as to adults. "We feel it’s good for Holocaust curriculum in middle

school and high school," says Fox, who attends a big regional

holocaust education conference in Cherry Hill on December 8 and 9.

In choosing publications for her press, Fox looks for books that she

believes deserve to get out into the marketplace, but which, for one

reason or another, have not yet done so. She also looks for niche

markets. In the first case, she chose a book about an important

subject that had received very little attention. In publishing

Cullen’s poems, she is putting in place the first volume in what she

hopes will become a series of books of poetry that have at their heart

social commentary.

A lifelong writer, Fox chose publishing, a famously difficult

business, as a post-retirement career. A graduate of Smith (Class of

1959), she holds a master’s of art in education from Tufts. After

starting her writing career at Scholastic magazine, she worked as a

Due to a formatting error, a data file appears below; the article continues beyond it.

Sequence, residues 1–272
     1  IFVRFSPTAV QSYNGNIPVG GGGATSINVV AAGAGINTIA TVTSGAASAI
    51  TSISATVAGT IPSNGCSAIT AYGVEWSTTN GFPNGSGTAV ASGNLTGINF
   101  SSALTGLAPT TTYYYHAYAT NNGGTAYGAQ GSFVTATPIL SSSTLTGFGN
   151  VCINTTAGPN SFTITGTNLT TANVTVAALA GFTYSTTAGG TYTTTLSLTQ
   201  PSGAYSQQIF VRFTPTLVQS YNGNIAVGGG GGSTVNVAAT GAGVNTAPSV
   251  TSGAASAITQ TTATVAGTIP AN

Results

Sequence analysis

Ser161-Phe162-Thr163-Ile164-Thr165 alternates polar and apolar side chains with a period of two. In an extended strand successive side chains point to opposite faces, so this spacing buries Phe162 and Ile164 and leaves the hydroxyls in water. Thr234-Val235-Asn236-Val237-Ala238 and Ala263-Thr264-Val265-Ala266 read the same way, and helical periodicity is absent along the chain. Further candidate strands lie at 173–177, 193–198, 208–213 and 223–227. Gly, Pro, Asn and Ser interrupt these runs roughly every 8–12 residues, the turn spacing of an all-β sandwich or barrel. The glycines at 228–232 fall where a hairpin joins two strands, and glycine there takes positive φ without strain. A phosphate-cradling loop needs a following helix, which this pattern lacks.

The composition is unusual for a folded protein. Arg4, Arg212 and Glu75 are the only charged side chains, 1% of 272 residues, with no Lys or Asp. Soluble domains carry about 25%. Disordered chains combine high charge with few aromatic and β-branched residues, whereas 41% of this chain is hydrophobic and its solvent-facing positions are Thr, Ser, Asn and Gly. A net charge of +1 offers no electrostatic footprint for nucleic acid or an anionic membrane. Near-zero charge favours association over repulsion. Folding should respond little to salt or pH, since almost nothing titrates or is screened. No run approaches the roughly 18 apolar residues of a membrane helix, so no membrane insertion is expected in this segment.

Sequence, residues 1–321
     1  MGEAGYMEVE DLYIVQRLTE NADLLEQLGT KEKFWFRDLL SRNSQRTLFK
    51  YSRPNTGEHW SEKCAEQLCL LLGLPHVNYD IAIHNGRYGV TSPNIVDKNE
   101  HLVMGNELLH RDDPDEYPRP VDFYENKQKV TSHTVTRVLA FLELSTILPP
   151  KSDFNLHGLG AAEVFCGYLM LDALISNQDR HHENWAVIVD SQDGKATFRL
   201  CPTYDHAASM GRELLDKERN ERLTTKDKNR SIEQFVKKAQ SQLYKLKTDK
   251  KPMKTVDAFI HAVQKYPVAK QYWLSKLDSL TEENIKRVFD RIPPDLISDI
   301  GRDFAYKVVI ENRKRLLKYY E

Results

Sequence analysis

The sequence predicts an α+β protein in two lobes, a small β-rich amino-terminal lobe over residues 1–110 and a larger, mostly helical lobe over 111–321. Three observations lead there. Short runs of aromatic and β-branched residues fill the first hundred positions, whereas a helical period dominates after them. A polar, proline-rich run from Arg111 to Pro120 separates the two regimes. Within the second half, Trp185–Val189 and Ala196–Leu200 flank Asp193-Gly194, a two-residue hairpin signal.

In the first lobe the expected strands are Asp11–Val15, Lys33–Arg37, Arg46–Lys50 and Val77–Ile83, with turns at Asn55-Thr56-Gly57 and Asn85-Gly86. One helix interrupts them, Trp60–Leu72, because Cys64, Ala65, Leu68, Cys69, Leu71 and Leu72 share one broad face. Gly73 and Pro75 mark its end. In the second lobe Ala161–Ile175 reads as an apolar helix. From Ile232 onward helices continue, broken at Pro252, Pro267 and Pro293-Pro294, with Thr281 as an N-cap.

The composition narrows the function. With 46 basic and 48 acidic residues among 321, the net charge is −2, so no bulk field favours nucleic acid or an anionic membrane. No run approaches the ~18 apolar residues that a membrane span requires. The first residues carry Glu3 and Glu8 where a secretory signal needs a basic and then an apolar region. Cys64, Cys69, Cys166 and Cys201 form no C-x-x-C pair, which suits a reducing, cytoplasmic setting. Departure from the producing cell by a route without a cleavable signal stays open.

writing teacher, and as a freelance newspaper and magazine writer. She

is retired from a nearly-two-decade stint of working for the State of

New Jersey, most recently as program director for the Children’s Trust

Fund to Prevent Child Abuse and Neglect, a job she left in 2002 to

start her publishing company.

Working with her at Red Hummingbird are Robin Cunningham, who handles

administration and finance, and David Fox, her son, who is director of


Interestingly, Fox and her new author, Cullen, neither one of them in

a demograhic immediately associated with computer geeks, both are

nearly as effusive about the wonders of technology as they are about

the world of the printed word.

"One of the wonderful aspects of being able to publish at this time,"

says Fox, "is the advances in technology." Her press’s new book, "The

Sun’s Palette," is enriched by a dozen color plates, something that

would have been prohibitively expensive just a few years ago, she

says. Digital photography puts color within reach. Even with generous

illustration, Red Hummingbird is able to sell the new book for the

reasonable price of $15. Another advantage of 21st century publishing

technology is that small print runs are possible, making it easy for

publishing houses to fulfill requests for a modest number of books.

While Fox enthuses over the technology, Cullen is equally enthusiastic

about how it helps her to create the tapestries that grace her book.

Even after she creates a design that appeals to her, she is not sure